Medicare will pay for up to 100 days of care per benefit period in a certified skilled nursing facility as long as the care is medically necessary. There are other requirements, so read "Your Guide to Choosing a Nursing Home or Other Long-Term Services & Supports." For the first 20 days, Medicare pays the full cost; for days 21 through 100, you pay coinsurance of up to $185.50 per day in 2021. If you only need long-term custodial care, which includes help with activities of daily living such as bathing, dressing, toileting and eating, Medicare won't cover the cost.
Patients that don't need 100 days of care are discharged sooner. Conversely, if the person declines -- because of, say, advanced dementia, chronic obstructive pulmonary disease, Parkinson's or the effects of a stroke -- short-term rehabilitation could become a long-term placement. At that point, you must pay out of pocket or file a claim if you have a long-term care insurance policy that covers skilled nursing. You may be eligible for Medicaid, but only if your assets fall below a certain level.
In most states, facilities that are certified for Medicare and Medicaid are not required to certify all of their beds. If a Medicaid-certified bed isn't open when you need it, you must pay out of pocket until one becomes available.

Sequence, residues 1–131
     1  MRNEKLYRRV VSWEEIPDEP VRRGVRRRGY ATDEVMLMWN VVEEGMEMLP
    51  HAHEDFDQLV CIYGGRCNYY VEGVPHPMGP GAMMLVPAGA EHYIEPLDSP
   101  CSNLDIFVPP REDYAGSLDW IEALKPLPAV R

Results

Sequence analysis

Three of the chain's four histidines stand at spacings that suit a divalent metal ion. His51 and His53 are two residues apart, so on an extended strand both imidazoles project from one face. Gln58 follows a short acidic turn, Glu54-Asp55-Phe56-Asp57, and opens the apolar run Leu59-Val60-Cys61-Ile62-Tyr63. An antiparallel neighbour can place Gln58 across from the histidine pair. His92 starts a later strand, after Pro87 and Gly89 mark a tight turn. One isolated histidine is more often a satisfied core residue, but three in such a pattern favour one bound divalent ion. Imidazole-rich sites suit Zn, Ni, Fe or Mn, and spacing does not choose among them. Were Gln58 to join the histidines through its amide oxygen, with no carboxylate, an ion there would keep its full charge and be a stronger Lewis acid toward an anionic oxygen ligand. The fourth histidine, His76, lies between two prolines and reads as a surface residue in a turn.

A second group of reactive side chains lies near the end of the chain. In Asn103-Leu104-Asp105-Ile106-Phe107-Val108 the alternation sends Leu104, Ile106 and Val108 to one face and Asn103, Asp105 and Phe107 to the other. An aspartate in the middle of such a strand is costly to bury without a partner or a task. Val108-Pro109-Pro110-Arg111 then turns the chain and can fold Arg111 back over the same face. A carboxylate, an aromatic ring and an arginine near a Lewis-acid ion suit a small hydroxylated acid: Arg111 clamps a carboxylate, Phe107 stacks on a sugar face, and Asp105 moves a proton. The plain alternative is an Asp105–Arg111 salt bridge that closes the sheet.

Seek Out Help in Your Search
A geriatric care manager who belongs to the Aging Life Care Association can find and coordinate post-hospital care for patients. These care managers know the reputations of facilities in their communities and understand the financial side. Once your loved one is in residence, they can be your eyes and ears as well as advocates.
ALCA-approved care managers must have specialized degrees and experience in human services, such as social work, psychology, gerontology or nursing. Their allegiance is to the client and their family, and they don't accept compensation from services to which they refer clients, says Liz Barlowe, a care manager in St. Petersburg, Fla., and a recent past president of ALCA. Rates typically range from $300 to $800 for an initial assessment and $100 to $200 per hour thereafter, depending on the region. Medicare, Medicaid and private insurers don't cover the cost, but some long-term care policies may pay part of it.
Author: Patricia Mertz Esswein
Date: August 18, 2021